What Constitutes Mental Cruelty in a Divorce?

By Jim Thomas

In 2010, New York became the 50th state to adopt a no-fault divorce law, which generally eliminates the need to use fault grounds such as mental cruelty, adultery or abandonment in order to get a divorce. But some states, such as Illinois, make it a little more difficult to meet the residency requirement for a divorce. As a result, rather than wait until residency is established, some spouses file for a divorce on grounds of mental cruelty, which has shorter residency requirements. Or they file on grounds of both irreconcilable differences, the no-fault standard, and mental cruelty.

Defining Mental Cruelty

The legal term "mental cruelty" goes by different names in different states, such as extreme cruelty or cruel and inhumane treatment, and is defined in diverse ways by state statutes and family courts across the country. In Illinois, for example, you need to convince the court that your spouse's ongoing behavior created emotional distress and you didn't provoke the behavior. Examples include starting unnecessary arguments, yelling and screaming, relentless criticism of your abilities as a parent, spouse or breadwinner, taking off at odd hours without explanation and refusing to communicate in a reasonable way. Belittling behavior, such as constantly correcting a spouse in social situations, might also rise to the level of mental cruelty.

Provoking or Accepting Mental Cruelty

Some states deny a divorce to a spouse who alleges mental cruelty but acts in a way to provoke the cruel behavior. For example, if a spouse commits adultery and it provokes angry verbal attacks by the other spouse, the adulterous spouse is unlikely to successfully claim mental cruelty. Statutes in New York say the longer the marriage, the more severe the cruelty has to be to warrant a divorce. But that seems to be an anachronistic view. The more modern view is that any conduct by a spouse that causes mental suffering for the other spouse is sufficient to be deemed mental cruelty.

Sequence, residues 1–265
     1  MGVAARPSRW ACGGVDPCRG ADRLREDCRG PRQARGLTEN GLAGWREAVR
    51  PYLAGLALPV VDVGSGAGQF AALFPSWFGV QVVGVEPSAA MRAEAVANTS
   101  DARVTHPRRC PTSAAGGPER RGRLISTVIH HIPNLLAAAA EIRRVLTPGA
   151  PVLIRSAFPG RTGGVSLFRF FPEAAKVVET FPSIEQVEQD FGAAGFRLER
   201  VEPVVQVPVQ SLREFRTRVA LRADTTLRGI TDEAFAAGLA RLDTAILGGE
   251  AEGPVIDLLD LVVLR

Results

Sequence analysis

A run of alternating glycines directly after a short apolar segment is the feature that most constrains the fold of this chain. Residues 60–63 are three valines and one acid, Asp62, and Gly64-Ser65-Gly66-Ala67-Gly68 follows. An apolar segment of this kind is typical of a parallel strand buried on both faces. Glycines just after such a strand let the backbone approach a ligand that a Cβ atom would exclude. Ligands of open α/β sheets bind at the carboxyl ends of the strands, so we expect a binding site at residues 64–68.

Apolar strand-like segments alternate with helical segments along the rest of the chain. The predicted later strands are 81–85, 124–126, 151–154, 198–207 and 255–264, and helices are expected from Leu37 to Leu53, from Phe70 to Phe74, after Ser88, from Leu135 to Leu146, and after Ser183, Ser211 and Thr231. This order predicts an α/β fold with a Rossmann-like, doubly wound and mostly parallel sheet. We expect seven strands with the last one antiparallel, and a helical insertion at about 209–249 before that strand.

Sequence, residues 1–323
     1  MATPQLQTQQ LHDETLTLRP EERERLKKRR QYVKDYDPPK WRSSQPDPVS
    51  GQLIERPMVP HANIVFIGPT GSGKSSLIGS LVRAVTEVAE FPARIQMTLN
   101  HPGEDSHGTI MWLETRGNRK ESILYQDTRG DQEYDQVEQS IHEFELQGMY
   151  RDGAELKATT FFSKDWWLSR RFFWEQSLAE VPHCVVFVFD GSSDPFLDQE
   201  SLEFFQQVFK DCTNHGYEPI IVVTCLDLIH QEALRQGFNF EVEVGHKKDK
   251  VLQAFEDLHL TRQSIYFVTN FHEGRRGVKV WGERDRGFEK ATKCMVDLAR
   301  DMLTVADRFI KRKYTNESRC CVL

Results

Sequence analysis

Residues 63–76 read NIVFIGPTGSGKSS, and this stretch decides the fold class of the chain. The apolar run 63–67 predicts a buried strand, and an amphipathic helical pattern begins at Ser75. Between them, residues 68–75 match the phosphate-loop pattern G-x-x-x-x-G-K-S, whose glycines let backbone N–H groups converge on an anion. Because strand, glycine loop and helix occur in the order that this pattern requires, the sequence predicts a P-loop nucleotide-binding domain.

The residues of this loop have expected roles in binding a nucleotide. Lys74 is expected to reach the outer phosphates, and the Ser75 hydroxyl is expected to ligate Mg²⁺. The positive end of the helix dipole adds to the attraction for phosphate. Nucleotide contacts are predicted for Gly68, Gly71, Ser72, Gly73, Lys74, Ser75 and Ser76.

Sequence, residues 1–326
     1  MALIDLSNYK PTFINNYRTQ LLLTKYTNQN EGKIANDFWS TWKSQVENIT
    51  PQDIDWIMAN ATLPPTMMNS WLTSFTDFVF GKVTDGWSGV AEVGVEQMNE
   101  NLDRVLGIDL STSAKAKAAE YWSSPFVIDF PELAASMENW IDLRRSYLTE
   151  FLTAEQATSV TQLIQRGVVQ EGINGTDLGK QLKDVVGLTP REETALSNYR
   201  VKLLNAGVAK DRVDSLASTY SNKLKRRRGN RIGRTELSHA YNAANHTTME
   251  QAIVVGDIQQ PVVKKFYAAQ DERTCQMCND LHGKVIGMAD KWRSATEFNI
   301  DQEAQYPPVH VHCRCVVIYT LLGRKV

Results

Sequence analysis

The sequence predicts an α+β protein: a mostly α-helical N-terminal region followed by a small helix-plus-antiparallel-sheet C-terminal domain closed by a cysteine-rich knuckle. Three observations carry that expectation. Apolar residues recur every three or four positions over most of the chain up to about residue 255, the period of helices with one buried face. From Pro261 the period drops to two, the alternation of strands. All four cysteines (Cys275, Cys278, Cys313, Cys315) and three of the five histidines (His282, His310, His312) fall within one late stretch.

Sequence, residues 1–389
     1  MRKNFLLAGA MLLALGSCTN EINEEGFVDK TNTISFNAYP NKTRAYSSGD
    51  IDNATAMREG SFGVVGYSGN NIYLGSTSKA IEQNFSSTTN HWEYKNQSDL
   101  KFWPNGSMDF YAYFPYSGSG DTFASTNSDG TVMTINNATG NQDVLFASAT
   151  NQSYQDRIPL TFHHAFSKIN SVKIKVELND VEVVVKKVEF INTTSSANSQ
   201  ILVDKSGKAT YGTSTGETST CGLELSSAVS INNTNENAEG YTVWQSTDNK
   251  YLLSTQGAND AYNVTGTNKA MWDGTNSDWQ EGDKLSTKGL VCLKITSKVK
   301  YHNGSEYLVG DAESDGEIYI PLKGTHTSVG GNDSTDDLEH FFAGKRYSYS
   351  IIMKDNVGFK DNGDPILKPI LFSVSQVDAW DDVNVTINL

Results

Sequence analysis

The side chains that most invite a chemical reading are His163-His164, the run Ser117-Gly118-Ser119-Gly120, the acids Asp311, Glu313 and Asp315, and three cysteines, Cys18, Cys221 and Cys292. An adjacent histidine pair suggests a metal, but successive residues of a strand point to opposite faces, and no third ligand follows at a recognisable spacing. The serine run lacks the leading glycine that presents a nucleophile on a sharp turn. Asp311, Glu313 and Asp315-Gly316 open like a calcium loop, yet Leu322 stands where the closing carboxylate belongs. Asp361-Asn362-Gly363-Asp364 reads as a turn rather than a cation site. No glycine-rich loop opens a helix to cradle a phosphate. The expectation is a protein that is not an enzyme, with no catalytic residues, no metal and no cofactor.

Divorce is never easy, but we can help. Learn More

Physical or Psychological Damage

Mental cruelty is insufficient to obtain a divorce in some states, unless your spouse's conduct caused you physical or psychological suffering. Courts have expressed the standard for physical or psychological damage in such terms as "grievously wounds the mental feeling of another," "utterly destroying the peace of mind of a spouse in a way that impairs their health or life," or "utterly destroying the legitimate end and objects of matrimony." Applying these standards in practical terms, courts in various states have granted divorces in cases when a wife refused to attend to her household duties, when a wife attacked her husband's character and campaigned to have him expelled from a private club, and when a husband insisted his wife submit to abortions.

Proving Mental Cruelty

Testimony from the spouse who is subjected to mental cruelty is sometimes enough to obtain a divorce. However, you are on firmer ground if you have witnesses that can corroborate your version of events. In cases where mental cruelty has exacted a physical or mental toll, testimony or records from your health care provider can bolster your case.